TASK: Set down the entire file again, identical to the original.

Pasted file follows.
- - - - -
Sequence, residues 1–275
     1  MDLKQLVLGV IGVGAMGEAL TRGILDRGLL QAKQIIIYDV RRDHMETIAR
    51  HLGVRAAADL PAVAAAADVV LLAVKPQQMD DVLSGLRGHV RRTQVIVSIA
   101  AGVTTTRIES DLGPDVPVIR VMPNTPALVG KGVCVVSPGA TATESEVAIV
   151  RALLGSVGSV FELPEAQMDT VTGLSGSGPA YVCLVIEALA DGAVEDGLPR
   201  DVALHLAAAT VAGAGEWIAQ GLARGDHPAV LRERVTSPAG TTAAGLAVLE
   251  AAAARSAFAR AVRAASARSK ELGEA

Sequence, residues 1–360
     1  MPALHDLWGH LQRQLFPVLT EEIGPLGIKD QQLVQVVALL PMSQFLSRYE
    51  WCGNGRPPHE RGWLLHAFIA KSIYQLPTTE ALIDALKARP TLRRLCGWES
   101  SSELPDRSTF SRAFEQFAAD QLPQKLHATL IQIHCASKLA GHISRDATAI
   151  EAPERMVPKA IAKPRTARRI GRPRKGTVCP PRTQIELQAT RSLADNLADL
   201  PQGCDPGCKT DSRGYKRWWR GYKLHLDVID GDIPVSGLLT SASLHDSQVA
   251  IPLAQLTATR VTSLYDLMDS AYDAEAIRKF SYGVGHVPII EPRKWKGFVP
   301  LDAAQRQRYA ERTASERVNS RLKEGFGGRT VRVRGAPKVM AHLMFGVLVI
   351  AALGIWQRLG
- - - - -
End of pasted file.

Sequence, residues 1–275
     1  MDLKQLVLGV IGVGAMGEAL TRGILDRGLL QAKQIIIYDV RRDHMETIAR
    51  HLGVRAAADL PAVAAAADVV LLAVKPQQMD DVLSGLRGHV RRTQVIVSIA
   101  AGVTTTRIES DLGPDVPVIR VMPNTPALVG KGVCVVSPGA TATESEVAIV
   151  RALLGSVGSV FELPEAQMDT VTGLSGSGPA YVCLVIEALA DGAVEDGLPR
   201  DVALHLAAAT VAGAGEWIAQ GLARGDHPAV LRERVTSPAG TTAAGLAVLE
   251  AAAARSAFAR AVRAASARSK ELGEA

Sequence, residues 1–360
     1  MPALHDLWGH LQRQLFPVLT EEIGPLGIKD QQLVQVVALL PMSQFLSRYE
    51  WCGNGRPPHE RGWLLHAFIA KSIYQLPTTE ALIDALKARP TLRRLCGWES
   101  SSELPDRSTF SRAFEQFAAD QLPQKLHATL IQIHCASKLA GHISRDATAI
   151  EAPERMVPKA IAKPRTARRI GRPRKGTVCP PRTQIELQAT RSLADNLADL
   201  PQGCDPGCKT DSRGYKRWWR GYKLHLDVID GDIPVSGLLT SASLHDSQVA
   251  IPLAQLTATR VTSLYDLMDS AYDAEAIRKF SYGVGHVPII EPRKWKGFVP
   301  LDAAQRQRYA ERTASERVNS RLKEGFGGRT VRVRGAPKVM AHLMFGVLVI
   351  AALGIWQRLG